To Kill A Mockingbird: The life and afterlife of Harper Lee's misunderstood classic

After 50 years, Harper Lee's only novel remains an icon of literature – and law.

Ask anyone which American novels they read at school, and Harper Lee's To Kill a Mockingbird (1960) will almost certainly feature. One of the most commercially, critically and pedagogically successful works of all time, this novel about a lawyer's family in the 1930s Deep South won the 1961 Pulitzer Prize, has sold more than 30 million copies, and featured on the majority of reading lists ever since. British librarians called it a book "every adult should read before they die", while Publishing Triangle listed it as one of the 100 best lesbian and gay novels (as a lesbian "coming-of-age" tale). A special edition (Arrow, £6.99) has been published to mark, in the blurb's words, "the fiftieth anniversary of this unforgettable classic".

Regarded as suitable for the young reader – for its young girl's first-person narrative voice, albeit from an adult distance, and for its educative tone – it has been widely adopted as a set text. The film (1962), produced by Alan J Pakula and directed by Robert Mulligan, is best remembered for Gregory Peck's Oscar-winning performance as Atticus Finch. It is 25th on the American Film Institute's list of best American movies, with Atticus named in 2003 as the greatest movie hero of the 20th century.

Indeed, the figure of Finch has been held up by the legal profession and teachers alike as a modern prophet, a Christ-like fount of goodness and wisdom – "the Abe Lincoln of Alabama". The author, the octogenarian reclusive Southern woman who still lives in her Alabama home town, Monroeville, never published another novel.

To Kill a Mockingbird is set in the mid-1930s, in a fictitious small town, Maycomb, Alabama, during the Depression years of "Jim Crow" laws ensuring racial segregation and discrimination against African Americans. Its title relates to the instruction given by attorney Atticus Finch that, while his children can shoot with their air rifles any number of bluejays (this is the gun-toting South), they must never shoot a mockingbird, since they "'don't do one thing but sing their hearts out for us'". The novel relates the legal defence by single-parent Atticus of an innocent black man (the symbolic mockingbird), Tom Robinson, accused of rape by a poor "white trash" girl, Mayella Ewell, whose racist father Bob has abused her. The story is told from the adult perspective of Atticus's tomboy daughter, Scout, who observes the trial with her brother, Jem, and dare-devil friend Dill (modelled on Lee's friend, Truman Capote).

Despite his respected credentials, and a powerful defence case, in this segregated town Atticus has to accept a guilty verdict by the all-white male jury. Before an appeal, Tom tries to escape from jail and is brutally shot dead. Bob Ewell – indirectly accused by Atticus of his daughter's rape – attempts to kill Scout and Jem, but is dramatically prevented by a figure straight out of Southern Gothic fiction, the reclusive Boo Radley.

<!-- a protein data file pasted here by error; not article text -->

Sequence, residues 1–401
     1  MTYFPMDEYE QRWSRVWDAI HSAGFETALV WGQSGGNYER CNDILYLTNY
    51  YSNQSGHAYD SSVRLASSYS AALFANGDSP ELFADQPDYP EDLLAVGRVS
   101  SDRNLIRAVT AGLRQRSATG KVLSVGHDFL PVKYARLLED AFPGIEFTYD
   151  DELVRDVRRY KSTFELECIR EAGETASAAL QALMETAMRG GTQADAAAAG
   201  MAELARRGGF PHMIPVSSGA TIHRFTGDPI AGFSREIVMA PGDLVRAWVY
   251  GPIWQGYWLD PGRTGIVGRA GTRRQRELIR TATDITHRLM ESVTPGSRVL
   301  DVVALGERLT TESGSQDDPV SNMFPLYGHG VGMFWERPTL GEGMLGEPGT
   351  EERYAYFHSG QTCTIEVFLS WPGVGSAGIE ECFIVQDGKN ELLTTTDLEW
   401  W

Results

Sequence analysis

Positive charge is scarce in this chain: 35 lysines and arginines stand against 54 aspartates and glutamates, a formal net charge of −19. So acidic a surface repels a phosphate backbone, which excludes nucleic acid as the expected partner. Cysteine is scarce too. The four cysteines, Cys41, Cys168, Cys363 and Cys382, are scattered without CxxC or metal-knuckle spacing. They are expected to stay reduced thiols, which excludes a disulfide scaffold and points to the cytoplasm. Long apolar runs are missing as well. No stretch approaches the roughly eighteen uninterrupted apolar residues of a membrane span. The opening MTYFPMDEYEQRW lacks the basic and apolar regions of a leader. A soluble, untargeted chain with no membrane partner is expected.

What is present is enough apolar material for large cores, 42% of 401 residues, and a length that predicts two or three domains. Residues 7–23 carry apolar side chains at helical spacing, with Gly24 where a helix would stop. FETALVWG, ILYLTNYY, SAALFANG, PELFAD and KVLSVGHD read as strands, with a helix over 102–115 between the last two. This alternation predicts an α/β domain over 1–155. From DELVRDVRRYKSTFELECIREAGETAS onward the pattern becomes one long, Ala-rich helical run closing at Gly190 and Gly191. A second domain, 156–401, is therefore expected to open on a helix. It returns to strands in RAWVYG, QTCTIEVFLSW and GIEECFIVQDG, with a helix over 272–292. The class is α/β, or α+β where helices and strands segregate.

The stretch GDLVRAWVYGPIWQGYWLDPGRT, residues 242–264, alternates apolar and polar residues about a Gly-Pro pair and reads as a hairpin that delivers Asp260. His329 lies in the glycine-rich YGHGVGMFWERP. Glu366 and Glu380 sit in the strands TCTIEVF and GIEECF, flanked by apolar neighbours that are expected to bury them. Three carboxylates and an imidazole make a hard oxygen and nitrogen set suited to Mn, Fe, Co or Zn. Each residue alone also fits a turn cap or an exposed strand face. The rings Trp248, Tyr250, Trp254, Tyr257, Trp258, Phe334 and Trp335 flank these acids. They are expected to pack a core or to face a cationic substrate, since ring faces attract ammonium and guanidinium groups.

Like Margaret Mitchell, another unknown writer who published no sequel or successor to her one bestseller, Gone With the Wind (1936), Harper Lee received the Pulitzer Prize. She was grandly fêted and photographed for Life magazine, with Hollywood directors and Gregory Peck, then withdrew from public life and refused interviews. After disappearing from the media radar for over 40 years, she attracted attention as the sidekick to Philip Seymour Hoffman's Truman Capote in the 2005 film, Capote.

Catherine Keener played the long-term friend who helped Capote research and plan his book, In Cold Blood (work he described with sexist dismissivenesss as "secretarial help"). A year later, Sandra Bullock appeared as Harper Lee in another film about Capote, Infamous. That year, 2006, Lee herself granted one surprise interview to the New York Times, speaking only about a writing competition she adjudicates annually at the University of Alabama.

The American South has long been the focus of US and global fears, desires and Gothic fantasies. The site of the nation's worst excesses of slavery, the bloody battlegrounds of the 19th-century Civil War and 20th-century civil-rights brutalities, it has also spawned some of the nation's most brilliant books and films. Blessed with substantial novels and plays that have been adapted into acclaimed films, the South's history and socio-political complexities have been explored and celebrated with popular success. Gone With the Wind, A Streetcar Named Desire, Roots, The Color Purple – and of course To Kill a Mockingbird - have been done proud by directors, actors and Academy Awards.

Harper Lee was well aware of the generic range of Southern literature – the plantation and sentimental novel (Alabama's Augusta Evans Wilson's Beulah and St Elmo), the Gothic (Tennessee Williams's Cat on a Hot Tin Roof) and the sensational (Erskine Caldwell's Tobacco Road) – and she claimed all she wanted to be was "the Jane Austen of South Alabama", focusing on "small-town middle-class southern life". This is ironic or disingenuous, and Mockingbird is no Southern version of Little House on the Prairie. Indeed, the novel defines itself within or against Southern genres, playing with readers' expectations and alluding to the many class, race and gender hypocrisies, inequalities and cruelties of small-town American life.